• Teach good digital hygiene. Show them how to spot suspicious emails, texts and websites. They should look over the messaging and the website to make sure it is legitimate.  

• Un-list your parent’s phone number so scammers can’t get it. At the same time, put your parents’ address on opt-out lists with the Direct Marketing Association

To our clients: Please know that we are here to help, too. As your fiduciary, if we recognize any signs of elder abuse, we will notify Kestra, who will in turn notify the proper federal agencies. We are on your team and are ready to help without judgment. We can help buffer with the family and have the conversation in a safe environment. 

We ask that you share this article with your friends and family members in the hopes that your loved ones will not get scammed and will avoid the headache and embarrassment that affect so many.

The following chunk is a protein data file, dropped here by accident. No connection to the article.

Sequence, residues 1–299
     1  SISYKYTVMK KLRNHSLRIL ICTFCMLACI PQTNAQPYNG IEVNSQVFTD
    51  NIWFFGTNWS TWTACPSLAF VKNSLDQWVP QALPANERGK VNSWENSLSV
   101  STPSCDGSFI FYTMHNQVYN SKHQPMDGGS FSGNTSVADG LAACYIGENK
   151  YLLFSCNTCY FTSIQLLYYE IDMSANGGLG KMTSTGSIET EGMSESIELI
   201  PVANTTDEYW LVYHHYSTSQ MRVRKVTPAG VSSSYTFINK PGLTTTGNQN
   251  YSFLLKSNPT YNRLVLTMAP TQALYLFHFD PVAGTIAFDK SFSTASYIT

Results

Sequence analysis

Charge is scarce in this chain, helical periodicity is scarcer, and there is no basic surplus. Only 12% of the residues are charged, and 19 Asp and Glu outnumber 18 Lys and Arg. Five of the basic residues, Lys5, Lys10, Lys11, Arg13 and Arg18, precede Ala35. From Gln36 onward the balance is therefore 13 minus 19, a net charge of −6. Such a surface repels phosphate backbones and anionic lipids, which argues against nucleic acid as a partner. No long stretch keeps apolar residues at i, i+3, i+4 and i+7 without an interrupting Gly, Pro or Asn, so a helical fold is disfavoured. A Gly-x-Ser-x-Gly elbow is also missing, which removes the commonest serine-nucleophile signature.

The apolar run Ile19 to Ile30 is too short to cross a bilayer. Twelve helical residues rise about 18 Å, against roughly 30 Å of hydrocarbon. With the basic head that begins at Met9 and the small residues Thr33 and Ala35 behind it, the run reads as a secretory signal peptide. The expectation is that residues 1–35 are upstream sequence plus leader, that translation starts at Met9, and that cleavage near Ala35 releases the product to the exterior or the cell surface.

The CD Wealth Formula

We help our clients reach and maintain financial stability by following a specific plan, catered to each client. 

Our focus remains on long-term investing with a strategic allocation while maintaining a tactical approach. Our decisions to make changes are calculated and well thought out, looking at where we see the economy is heading. We are not guessing or market timing. We are anticipating and moving to those areas of strength in the economy — and in the stock market. 

We will continue to focus on the fact that what really matters right now is time in the market, not out of the market. That means staying the course and continuing to invest, even when the markets dip, to take advantage of potential market upturns. We continue to adhere to the tried-and-true disciplines of diversification, periodic rebalancing and looking forward, while not making investment decisions based on where we have been.